Brigadier admits breaching Army rules in claim for sons' school fees

Charles Beardmore court case

An Army brigadier has appeared before a court martial accused of claiming money for his two sons' school fees in breach of British Army rules.

Brigadier Charles Beardmore, 51, is believed to be the most senior officer put on trial by the Army since 1952.

Brig Beardmore, who appeared in full military uniform, admitted a single charge of negligently performing his duty in a brief hearing at Merville Barracks in Colchester, Essex, on Wednesday.

Prosecutor Colonel Nigel Jones, who appeared by videolink, said there was no suggestion of dishonesty.

He said Brigadier Beardmore, of the Defence Medical Services in Whittington, Staffordshire, had claimed Continuity of Education Allowance for his sons without declaring that his wife had not been living at the same address as him for more than 90 days in a single year.

Continuity of Education Allowance can be claimed by certain service personnel to help pay for boarding school fees.

The current rates allow for claims of £5,470 per term for a junior school and £7,245 per term for a senior school.

Colonel Jones said: "This case relates to the previous claims for Continuity of Education Allowance in 2014 when Brigadier Beardmore was working and living in Germany.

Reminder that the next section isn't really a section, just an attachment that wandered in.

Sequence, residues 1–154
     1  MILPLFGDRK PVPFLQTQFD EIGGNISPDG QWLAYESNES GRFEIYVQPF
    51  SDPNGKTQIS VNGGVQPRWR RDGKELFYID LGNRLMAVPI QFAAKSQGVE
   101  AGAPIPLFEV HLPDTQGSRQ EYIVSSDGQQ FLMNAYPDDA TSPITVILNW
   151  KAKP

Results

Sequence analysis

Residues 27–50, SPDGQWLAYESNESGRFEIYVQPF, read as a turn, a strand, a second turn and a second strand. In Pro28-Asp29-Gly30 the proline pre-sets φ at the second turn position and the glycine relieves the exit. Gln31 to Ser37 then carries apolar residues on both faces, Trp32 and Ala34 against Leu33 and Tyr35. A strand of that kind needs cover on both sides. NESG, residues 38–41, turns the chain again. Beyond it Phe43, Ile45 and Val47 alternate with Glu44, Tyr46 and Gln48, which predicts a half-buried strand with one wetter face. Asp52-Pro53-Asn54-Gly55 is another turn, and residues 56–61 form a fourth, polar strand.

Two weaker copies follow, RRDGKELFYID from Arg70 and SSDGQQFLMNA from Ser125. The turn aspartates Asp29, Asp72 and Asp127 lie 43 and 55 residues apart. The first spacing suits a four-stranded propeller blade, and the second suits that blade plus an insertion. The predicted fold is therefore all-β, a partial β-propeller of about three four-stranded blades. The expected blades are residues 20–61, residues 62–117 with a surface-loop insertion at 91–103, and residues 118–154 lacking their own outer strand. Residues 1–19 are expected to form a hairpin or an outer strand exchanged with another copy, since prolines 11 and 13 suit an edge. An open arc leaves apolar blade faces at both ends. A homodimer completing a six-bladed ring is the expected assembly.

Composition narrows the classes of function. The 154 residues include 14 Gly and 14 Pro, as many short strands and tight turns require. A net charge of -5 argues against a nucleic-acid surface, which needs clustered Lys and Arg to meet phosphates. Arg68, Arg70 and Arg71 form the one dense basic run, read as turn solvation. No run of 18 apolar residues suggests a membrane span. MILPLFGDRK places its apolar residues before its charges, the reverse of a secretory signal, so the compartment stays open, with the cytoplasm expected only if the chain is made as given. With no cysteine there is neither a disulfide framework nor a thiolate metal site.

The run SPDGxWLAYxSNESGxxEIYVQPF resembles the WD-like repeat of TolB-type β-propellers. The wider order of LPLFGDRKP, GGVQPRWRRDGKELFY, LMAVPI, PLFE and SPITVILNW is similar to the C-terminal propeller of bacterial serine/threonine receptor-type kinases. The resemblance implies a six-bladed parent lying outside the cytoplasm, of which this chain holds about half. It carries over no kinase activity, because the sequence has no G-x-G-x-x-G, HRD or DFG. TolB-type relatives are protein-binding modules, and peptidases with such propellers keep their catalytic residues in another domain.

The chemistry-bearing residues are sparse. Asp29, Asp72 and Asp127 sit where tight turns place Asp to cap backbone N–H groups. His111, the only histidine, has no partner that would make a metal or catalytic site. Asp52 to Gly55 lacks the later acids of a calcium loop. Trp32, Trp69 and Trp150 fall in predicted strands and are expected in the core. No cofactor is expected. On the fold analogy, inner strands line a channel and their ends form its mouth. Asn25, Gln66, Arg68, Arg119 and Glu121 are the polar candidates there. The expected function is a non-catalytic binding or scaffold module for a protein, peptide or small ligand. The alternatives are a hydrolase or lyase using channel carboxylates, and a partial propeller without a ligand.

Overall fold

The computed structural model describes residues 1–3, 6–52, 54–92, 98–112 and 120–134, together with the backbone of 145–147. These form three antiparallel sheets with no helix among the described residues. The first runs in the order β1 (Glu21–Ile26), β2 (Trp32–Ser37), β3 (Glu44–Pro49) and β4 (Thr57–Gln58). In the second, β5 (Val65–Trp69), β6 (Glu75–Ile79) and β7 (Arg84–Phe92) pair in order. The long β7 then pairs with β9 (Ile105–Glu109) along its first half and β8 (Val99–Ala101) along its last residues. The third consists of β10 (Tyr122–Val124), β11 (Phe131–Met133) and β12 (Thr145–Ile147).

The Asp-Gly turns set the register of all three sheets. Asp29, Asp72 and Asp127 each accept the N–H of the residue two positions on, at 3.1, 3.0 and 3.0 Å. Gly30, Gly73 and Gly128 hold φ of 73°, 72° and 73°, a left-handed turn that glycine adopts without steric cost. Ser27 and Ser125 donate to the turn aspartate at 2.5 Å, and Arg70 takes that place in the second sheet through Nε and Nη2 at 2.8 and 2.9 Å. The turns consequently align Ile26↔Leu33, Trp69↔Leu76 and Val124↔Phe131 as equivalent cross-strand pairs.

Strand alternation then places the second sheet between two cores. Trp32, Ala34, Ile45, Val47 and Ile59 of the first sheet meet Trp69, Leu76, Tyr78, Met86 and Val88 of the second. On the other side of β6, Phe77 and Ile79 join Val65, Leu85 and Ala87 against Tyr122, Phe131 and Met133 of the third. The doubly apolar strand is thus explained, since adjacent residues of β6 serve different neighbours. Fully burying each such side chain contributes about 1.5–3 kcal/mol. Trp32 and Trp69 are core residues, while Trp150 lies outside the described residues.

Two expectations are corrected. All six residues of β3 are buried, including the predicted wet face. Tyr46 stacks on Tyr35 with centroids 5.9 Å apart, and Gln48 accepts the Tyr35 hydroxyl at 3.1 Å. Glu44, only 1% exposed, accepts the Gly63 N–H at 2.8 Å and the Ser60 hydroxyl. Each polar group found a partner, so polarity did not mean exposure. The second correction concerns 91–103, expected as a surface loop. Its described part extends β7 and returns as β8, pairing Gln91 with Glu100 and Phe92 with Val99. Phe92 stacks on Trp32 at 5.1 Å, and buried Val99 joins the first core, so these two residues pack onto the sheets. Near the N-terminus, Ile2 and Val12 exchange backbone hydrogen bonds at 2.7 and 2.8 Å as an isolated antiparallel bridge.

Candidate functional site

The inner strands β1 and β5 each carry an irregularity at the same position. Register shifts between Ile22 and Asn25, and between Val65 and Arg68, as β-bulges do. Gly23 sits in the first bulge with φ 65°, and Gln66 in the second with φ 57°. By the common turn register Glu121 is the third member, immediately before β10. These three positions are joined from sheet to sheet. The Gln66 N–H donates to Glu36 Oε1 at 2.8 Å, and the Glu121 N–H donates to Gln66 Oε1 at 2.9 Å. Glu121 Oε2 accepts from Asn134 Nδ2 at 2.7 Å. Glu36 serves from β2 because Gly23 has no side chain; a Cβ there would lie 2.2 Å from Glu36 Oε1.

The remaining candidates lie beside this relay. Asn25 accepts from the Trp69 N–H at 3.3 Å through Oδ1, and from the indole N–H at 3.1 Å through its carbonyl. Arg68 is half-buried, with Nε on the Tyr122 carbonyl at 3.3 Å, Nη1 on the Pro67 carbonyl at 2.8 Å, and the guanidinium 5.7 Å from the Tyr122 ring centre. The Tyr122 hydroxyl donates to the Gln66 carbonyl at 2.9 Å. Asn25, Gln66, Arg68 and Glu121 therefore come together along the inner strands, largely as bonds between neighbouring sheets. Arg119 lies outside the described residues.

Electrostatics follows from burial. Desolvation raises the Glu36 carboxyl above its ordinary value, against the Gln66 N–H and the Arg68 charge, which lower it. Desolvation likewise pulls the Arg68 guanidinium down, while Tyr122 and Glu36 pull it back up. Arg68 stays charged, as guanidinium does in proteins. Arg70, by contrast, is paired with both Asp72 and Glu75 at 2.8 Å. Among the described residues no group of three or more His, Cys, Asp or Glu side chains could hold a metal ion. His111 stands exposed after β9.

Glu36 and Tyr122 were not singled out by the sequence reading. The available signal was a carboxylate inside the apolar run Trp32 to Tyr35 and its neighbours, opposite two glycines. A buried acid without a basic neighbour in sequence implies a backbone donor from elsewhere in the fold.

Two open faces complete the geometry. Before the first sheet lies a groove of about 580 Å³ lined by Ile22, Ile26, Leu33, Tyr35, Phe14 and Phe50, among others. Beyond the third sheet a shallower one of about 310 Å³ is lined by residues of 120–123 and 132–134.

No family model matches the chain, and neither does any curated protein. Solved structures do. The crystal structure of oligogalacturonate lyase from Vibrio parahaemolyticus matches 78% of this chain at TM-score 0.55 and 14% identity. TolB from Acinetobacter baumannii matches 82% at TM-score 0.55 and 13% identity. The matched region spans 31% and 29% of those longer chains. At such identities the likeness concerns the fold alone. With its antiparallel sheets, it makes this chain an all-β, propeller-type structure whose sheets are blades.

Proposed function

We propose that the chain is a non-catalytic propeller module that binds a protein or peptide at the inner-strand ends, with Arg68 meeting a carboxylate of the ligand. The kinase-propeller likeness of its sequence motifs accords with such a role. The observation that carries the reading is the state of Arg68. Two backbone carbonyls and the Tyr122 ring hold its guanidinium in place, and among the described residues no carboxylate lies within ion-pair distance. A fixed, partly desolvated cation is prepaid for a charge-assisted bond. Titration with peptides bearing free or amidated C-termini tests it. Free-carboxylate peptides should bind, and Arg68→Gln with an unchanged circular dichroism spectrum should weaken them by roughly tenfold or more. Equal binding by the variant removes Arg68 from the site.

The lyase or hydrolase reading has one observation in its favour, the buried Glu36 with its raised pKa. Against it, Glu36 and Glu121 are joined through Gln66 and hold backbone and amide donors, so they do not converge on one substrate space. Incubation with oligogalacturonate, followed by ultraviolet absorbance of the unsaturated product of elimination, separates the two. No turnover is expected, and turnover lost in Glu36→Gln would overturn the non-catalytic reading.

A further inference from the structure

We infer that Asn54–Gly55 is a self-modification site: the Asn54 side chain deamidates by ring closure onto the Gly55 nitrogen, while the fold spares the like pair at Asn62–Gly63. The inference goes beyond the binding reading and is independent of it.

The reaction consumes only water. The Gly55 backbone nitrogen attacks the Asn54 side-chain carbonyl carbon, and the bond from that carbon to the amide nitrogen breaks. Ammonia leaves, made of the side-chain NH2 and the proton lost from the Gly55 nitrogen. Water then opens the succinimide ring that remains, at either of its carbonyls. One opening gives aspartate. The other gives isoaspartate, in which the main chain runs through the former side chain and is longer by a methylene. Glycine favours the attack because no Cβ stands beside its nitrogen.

"Under the rules, in order to claim, the brigadier's wife had to live with him and was only permitted under the rules to be absent from the place of work address for 90 days within any one-year period.

"The defendant accepts that his wife was not resident with him for these purposes within the rules.

"She was absent from the family home in Germany for more than 90 days and knowing what the rules were, after that Brigadier Beardmore had a duty to monitor his wife's absences.

"He failed to seek the proper exemption."

Colonel Jones said that authorities established that Mrs Beardmore had not been in Germany for 173 days between January 14, 2014, and January 14, 2015.

He said this was established through use of mobile phone records, bank records, flight details and by looking at Mrs Beardmore's work diary.

Brigadier Beardmore disputed the figure of 173 days but accepted that between 120 and 130 days was the "correct figure".

Judge Jeff Blackett said: "There's no accusation of dishonesty is there?"

Colonel Jones replied: "None whatsoever."

Sally Howes QC, defending, said that Brigadier Beardmore had "lodged the full sum of money received by him" in respect of the autumn school term in question with his solicitors so arrangements could be made to repay it if required.

The hearing was adjourned for sentence on March 14.

A board of three officers is required to be present at the hearing, with the president to be of superior rank to the defendant or of the same rank but more senior.

The starting salary for brigadiers in the British Army is £101,147.

Brigadiers are senior to colonels and outranked only by generals.

The last brigadier to face a court martial is believed to have been Mike Calvert, a commander in the Second World War, in 1952.

He was found guilty of gross indecency with male persons, 15 years before homosexuality was decriminalised, but denied the charge until his death in 1998.

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